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Effects of Avgas contamination by Jet Fuel (Kerosene)


 
A recent 'incident' happening to a Malibu aircraft on Easter Island prompted this article on the terrible effects of Jet Fuel (kerosene) contamination on a piston engine made to use Avgas. The pilots were lucky the tower spotted black smoke coming out of their exhaust. They made an immediate 180° and landed down wind. They then realised of the contamination of the fuel by kerosene.

Most of us pilots probably do not realise the extensive and in most case permanent damage the contamination of Avgas by Jet fuel (kerosene) can do to our piston engines. In most cases the engines are damaged beyond repair and have to be replaced.

It is therefore of capital importance to make sure the fuel pumped in our tanks is the proper fuel. This is more important in places where fuel is delivered in drums instead of being pumped from a fixed bowser or a fuel truck.

Normally the drums should have the proper markings but this is not proof of the quality of the fuel as those drums may have been recycled and refilled with the wrong fuel. Colour and odour should be checked for each drum when more than one is used. When refuelling from a fixed installation or a mobile tanker, the nozzle should be special and should not fit in our Avgas tanks. But that too is not a fool-proof evidence and there too, care should be taken to verify the identity of the fuel.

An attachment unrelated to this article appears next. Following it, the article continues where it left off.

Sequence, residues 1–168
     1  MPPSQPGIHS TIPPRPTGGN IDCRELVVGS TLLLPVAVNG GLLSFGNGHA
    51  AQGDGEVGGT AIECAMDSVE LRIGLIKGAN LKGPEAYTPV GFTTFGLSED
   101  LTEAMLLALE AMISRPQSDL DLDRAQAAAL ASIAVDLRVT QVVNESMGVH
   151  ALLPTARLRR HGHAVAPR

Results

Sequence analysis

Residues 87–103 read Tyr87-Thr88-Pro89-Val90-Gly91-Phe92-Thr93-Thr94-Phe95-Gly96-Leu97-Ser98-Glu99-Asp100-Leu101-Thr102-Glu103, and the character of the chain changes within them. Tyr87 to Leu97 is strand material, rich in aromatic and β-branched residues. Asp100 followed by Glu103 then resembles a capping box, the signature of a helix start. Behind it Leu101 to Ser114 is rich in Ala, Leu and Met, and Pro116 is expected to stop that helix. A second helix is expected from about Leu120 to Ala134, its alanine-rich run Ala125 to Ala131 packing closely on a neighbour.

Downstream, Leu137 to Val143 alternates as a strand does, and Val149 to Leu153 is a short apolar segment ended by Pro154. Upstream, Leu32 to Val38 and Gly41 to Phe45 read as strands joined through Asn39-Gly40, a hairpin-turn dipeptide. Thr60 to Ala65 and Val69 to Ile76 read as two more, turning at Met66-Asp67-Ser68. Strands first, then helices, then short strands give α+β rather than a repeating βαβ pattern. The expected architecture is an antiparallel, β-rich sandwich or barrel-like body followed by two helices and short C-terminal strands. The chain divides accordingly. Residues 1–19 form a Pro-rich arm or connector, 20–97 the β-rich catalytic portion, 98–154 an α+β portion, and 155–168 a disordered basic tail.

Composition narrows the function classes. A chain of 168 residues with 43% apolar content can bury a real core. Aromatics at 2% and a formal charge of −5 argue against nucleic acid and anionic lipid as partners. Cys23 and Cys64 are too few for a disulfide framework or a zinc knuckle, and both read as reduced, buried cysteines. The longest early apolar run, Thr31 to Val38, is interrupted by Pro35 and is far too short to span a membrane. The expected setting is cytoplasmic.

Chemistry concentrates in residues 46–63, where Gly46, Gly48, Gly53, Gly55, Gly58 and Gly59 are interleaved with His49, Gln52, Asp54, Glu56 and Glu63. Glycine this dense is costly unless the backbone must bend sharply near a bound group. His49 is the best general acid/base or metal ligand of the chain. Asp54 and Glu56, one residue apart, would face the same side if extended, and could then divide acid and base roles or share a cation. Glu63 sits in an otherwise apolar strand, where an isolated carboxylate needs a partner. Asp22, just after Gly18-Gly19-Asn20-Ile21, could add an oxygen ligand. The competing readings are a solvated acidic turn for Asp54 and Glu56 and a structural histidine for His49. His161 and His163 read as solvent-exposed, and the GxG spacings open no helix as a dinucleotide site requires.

The damage to the engines is such that Lycoming has produced a special Service Bulletin (N° 398B) requiring to send the damaged engine to the factory for assessment, but most engineers do not follow that instruction , knowing in advance that the verdict would be to discard and replace the engine.

It is easy to search for the long list of accidents, many being fatal, due to that contamination on the Internet where there are full pages of those accident reports.

During my RTW (1996), I knew I would have to refuel from drums at Christmas Island. I had my own pump and I used a two litre clear glass jar to check the first strokes of the pump, checking the colour and the odour of the fuel from each drum. I did make sure the pump was drained dry before starting on the second drum, making sure the sample was from that drum and not was left in the pump.

One is never too cautious, especially before a long flight over water.

 


Last update: September 28, 2017
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